Peter Hannibal, CEO of the cross sector strategic body, the Gambling Business Group, looks back on last week’s ICE London and questions the fuzzy logic behind the Gambling Commission’s decision not to attend and asks what message its ’no show’ policy sends the industry and all of those genuinely interested in consumer protection.
Last week saw the world’s biggest international gambling show take place at London’s ExCeL Centre. ICE was once again expertly organised by Clarion and a big ‘well done’ should go to Kate Chambers and her team for making it such a fantastic success.
It was encouraging to see regulators from overseas jurisdictions securing their presence, sharing their views and opinions and learning about what developments might be coming down the line by taking exhibition booths, some in prominent areas, some with positions towards the back of the hall.
Others marked their presence by holding, attending or speaking at the many relevant seminars held across the three days.
All in all some 70 regulatory authorities were represented, benefitting from the many attributes that ICE gives to its attendees. But missing from all of this vital activity taking place on its door step was our very own home regulator, the Gambling Commission – an absence that provoked a Mexican Wave of raised eyebrows among the great and the good who could find their way to London E16.
Clarion should also be congratulated for again hosting a Consumer Protection Zone (CPZ) as it did for the first time last year.
This focus on the protection of the vulnerable attracted a host of important exhibitors and supported a strong itinerary of presentations all around the subject of Consumer Protection.
In an evolving culture where we all strive to put the consumer and their requirements at the very centre of everything we do, it makes absolute sense for Clarion to evolve this innovative area going forwards.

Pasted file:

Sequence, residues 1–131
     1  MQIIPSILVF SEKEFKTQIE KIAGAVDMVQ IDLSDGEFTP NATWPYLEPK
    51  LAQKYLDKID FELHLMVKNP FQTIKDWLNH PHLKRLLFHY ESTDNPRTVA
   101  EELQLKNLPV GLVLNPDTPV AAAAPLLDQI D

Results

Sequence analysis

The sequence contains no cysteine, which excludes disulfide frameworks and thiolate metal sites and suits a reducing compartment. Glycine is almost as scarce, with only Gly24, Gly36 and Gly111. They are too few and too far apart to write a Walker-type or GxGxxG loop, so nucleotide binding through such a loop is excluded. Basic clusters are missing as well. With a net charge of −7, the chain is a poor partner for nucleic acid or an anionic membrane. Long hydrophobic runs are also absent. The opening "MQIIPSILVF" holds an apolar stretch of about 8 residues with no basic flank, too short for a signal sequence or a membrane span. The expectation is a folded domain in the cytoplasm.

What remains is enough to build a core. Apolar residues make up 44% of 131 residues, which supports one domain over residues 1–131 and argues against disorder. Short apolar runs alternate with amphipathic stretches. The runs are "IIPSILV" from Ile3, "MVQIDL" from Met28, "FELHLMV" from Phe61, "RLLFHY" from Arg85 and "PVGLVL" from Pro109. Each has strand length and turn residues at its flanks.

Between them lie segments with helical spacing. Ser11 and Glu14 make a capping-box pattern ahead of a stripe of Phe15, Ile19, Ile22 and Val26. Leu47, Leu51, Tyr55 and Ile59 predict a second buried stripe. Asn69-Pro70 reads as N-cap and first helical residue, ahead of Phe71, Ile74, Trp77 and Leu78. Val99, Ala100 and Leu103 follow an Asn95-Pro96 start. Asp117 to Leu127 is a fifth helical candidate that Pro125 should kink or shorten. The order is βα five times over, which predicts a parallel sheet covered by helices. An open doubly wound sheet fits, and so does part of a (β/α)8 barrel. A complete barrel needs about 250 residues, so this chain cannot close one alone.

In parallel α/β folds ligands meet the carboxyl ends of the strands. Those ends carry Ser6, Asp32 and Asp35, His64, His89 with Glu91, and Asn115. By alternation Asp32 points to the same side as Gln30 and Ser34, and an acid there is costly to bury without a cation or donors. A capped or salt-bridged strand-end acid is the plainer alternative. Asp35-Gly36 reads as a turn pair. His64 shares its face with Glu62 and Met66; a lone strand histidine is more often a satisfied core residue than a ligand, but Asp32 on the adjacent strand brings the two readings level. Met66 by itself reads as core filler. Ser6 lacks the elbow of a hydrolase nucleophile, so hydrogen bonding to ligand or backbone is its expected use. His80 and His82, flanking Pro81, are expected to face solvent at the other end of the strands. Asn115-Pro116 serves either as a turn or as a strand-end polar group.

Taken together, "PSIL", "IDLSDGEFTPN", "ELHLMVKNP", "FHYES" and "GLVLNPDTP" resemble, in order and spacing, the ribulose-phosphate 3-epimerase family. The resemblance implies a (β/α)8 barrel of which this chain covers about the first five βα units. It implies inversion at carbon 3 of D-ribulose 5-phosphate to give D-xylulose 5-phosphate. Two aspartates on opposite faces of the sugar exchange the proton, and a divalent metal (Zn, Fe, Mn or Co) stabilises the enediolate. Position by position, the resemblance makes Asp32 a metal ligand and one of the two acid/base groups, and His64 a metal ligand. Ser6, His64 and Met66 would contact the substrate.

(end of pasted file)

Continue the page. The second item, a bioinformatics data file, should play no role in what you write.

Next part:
You would have also thought that a regulator who’s first ‘strategic priority’ is to “protect the interests of consumers” would have regarded the CPZ as a golden opportunity to improve their knowledge and learning, particularly when technology is moving at such a fast pace.
One could possibly have understood if the Commission only sent a couple of their 300+ employees along as they did just a few weeks before at EAG 2019 – we would all of course welcome better cost control. But to embargo the whole event does seem on the surface a churlish response to their own headline created at last year’s event. If, as the official line goes, their ‘no show’ represented merely a change of strategy why then turn up for one show held a matter of week’s previously and not the other? Furthermore, the focus for EAG was more amusements than gambling and ICE has a world class reputation for being the event at which innovators launch new gambling technologies. Some might call this a no brainer – but hey, there’s always next year!
It was pointed out by a number of individuals, who shall remain nameless, that if the GC only turn up to cast aspersions about men in grey suits (and women who are not), then perhaps it is better that they don’t show up at all?
Putting the knock about to one side I think it is an important opportunity missed, because the consumer appears to have been left behind in all of this politicking. But it’s also an opportunity missed to communicate with the industry that they regulate, an opportunity missed to learn about technological advances that could help them with their own objectives. An opportunity missed for ‘horizon scanning’, which one would have thought was highly important to the GC in their role as regulator.
With Brexit looming, was this not the time for the GC to ensure that its links with the Gaming Regulators European Forum (GREF) and other regulators, were as firm as possible for the future? This was not the time to be hiding behind the sofa.
It is difficult to conclude that this change in the ‘direction of travel’ taken by the UK regulator is in anyway a positive one. What a shame and what a missed opportunity?